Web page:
Plaza Premium Lounges have interested me for a while. Many of them are part of the Priority Pass lounge network and you can also get admission into them with the lounge access from the American Express Platinum Card. I’d heard somewhat mixed things about these lounges for a while, so I was excited to finally try one out and see how it measured up to other lounges. Here’s my review of the Plaza Premium Lounge at Terminal 1.
Plaza Premium Lounge access
I was given access to the Plaza Premium Lounge with my business class boarding pass for Thai Airways on the 777-200. That was an interesting experience on a pretty dated aircraft and you can read about that flight here.
After getting through security, I followed the VIP lounge signs and made my way over to where many of the lounges are located in Terminal 1.
There are four different Plaza Premium Lounges at TPE — two of them are in Terminal 1 and the other two are in Terminal 2. In this case, I was headed to the Plaza Premium Lounges in Zones C and D. These are located very close to each other as you can tell by the map below.
I made my way up the stairs to the fourth floor and first saw the Cathay Pacific lounge and then the entrance for the first Plaza Premium Lounge. This Plaza Premium Lounge was not open at the time, however and it had a sign pointing me (both ways), so I just kept walking down to to check out the other lounge and that’s the one I entered, which I believe was the Zone D lounge.
According to the map above, there’s also a Thai VIP Lounge but I don’t recall that being open when I visited.
Plaza Premium Lounge TPE (Terminal 1)
The Plaza Premium Lounge is a relatively small lounge but feels very cozy. When I entered, I went directly to the seating area on the left side of the lounge. There were several comfortable chairs there with tables that came with power outlets and lamps.
I really liked the homey vibe at the lounge and it was also nice that crowds were never an issue and I basically had an entire third of the lounge to myself.
Some of the seats have ottomans in front so you can really get comfortable on them. I also appreciated the coffee tables when working from the laptop.
Some of the seats had international outlets built in to the seat, along with USB ports so the seating was very functional.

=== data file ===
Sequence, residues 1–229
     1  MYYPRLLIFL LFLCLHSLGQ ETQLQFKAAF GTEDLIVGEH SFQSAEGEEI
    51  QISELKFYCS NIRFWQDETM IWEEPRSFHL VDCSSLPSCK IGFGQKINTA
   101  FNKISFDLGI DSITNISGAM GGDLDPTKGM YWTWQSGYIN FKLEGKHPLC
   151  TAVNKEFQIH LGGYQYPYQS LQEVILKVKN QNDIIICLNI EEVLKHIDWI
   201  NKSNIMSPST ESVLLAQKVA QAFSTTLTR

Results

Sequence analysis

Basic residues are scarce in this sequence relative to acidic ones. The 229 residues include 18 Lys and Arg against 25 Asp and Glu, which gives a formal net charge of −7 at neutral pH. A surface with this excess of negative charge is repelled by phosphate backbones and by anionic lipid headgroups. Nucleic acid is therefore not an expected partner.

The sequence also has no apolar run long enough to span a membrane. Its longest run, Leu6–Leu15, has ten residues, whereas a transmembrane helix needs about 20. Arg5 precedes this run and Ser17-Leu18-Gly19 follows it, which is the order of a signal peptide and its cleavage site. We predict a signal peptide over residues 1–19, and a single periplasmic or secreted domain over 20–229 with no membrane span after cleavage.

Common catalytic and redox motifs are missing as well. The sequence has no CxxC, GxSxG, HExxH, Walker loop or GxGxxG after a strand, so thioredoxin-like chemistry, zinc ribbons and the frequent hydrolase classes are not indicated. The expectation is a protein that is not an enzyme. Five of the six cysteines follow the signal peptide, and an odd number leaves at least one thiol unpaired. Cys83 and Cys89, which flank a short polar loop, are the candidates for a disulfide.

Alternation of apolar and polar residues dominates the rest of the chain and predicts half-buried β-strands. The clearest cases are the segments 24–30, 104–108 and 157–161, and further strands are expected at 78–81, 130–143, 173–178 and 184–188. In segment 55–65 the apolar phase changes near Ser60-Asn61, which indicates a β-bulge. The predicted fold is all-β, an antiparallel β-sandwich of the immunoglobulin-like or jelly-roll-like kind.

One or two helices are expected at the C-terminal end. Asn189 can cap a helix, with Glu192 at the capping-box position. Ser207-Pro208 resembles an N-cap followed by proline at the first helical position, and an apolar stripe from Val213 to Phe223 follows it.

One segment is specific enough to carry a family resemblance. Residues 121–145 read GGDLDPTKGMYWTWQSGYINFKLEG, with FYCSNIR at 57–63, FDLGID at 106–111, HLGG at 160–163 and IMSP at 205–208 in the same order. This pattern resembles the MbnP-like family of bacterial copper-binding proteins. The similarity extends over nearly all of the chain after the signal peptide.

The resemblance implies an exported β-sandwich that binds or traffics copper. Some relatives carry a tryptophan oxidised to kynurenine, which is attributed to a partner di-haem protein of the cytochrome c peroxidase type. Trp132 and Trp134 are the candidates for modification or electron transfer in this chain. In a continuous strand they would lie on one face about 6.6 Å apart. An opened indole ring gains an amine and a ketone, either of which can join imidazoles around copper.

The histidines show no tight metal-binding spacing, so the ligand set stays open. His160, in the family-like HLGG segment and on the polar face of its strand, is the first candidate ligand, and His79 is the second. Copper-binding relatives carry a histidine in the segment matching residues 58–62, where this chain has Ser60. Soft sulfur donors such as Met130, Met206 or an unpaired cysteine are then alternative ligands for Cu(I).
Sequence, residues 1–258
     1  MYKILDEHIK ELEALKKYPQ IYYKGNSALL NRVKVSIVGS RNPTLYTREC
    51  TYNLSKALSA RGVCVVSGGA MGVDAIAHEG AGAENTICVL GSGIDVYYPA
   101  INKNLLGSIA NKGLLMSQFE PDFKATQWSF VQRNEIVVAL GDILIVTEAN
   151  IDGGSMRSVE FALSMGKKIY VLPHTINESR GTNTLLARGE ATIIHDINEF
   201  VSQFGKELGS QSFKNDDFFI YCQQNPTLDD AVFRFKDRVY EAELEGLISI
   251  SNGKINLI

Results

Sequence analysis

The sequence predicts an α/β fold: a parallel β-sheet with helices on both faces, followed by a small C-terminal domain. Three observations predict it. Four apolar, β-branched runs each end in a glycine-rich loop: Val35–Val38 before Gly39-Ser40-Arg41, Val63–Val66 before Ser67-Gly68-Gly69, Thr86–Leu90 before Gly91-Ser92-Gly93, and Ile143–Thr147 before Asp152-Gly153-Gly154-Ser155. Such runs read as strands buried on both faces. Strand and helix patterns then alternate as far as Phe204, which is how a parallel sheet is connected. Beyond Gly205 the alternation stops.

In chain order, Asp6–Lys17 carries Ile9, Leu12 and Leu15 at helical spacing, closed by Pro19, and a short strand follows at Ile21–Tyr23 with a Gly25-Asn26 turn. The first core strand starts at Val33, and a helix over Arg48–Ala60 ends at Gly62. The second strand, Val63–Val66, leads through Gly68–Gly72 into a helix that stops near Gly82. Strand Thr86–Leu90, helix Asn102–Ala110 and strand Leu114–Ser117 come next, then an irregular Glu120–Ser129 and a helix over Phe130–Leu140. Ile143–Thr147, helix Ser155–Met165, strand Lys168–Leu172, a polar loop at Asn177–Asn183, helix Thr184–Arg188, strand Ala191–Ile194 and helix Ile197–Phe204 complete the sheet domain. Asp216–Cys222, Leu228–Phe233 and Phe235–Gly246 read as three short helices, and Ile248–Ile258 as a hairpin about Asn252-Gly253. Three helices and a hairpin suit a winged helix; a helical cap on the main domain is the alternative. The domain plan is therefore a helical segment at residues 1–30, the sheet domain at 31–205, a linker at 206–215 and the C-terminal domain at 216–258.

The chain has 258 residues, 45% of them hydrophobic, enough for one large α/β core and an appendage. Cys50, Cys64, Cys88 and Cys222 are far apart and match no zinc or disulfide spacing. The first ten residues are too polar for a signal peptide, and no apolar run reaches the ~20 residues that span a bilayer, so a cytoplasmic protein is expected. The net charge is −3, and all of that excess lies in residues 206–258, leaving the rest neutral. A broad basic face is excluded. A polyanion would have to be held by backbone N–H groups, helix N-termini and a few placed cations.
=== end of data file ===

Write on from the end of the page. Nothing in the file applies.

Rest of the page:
I also noticed a reserved section that was completely empty. I thought I read something about being able to pay to reserve a spot in this section but I’m not sure how accurate that was.
The front area of the lounge has about ten little pods that you can work in or enjoy your meal in. These also have outlets in them. The set up reminded me of a miniature version the Korean Air First Class lounge. While these cubbies were not very tall and looked a little cramped, they did offer a fair amount of privacy.
There’s a partition in the middle of the lounge that divides the cubby area from the dining area.
After locking down a comfortable chair in the corner, I then ventured over to the dining area. The lounge offered a decent selection of hot dishes to choose from and they had items for Eastern and Western breakfasts. You can sit at one of the two tables for eight or at some of the tables on the perimeter of the dining room. There was a good flow of people in the dining area when I first arrived but it thinned out after about 30 minutes or so.
I thought the lounge offered a pretty decent variety of hot-food options. Here’s a look at the food offered for breakfast.
There were plenty of options for beverages including a soda machine, espresso, wine, beer, tea (with hot water machine).
There were also canned beverages but I didn’t know what they were.
They also had some snacks including cereal, nuts, cookies, and a couple of baskets of apples.
The bread was also popular with a lot of people.
On either side of the lounge, there was a large tv with literature.
You could also find a screen with flight information.
I believe that this lounge did have a shower but I didn’t end up checking it out.
Overall, I’d say this was a pretty solid Priority Pass type of lounge. It had comfy seating areas, options for privacy, and a good variety of hot-food items, and not to mention pretty decent wifi. I loved that crowds weren’t an issue so I’d say this was a great lounge experience (considering what type of lounge this is).
Daniel Gillaspia is the Founder of UponArriving.com and creator of the credit card app, WalletFlo. He is a former attorney turned full-time travel expert covering destinations along with TSA, airline, and hotel policies. Since 2014, his content has been featured in major publications such as National Geographic, Smithsonian Magazine, Forbes, CNBC, US News, and Business Insider. Find his full bio here.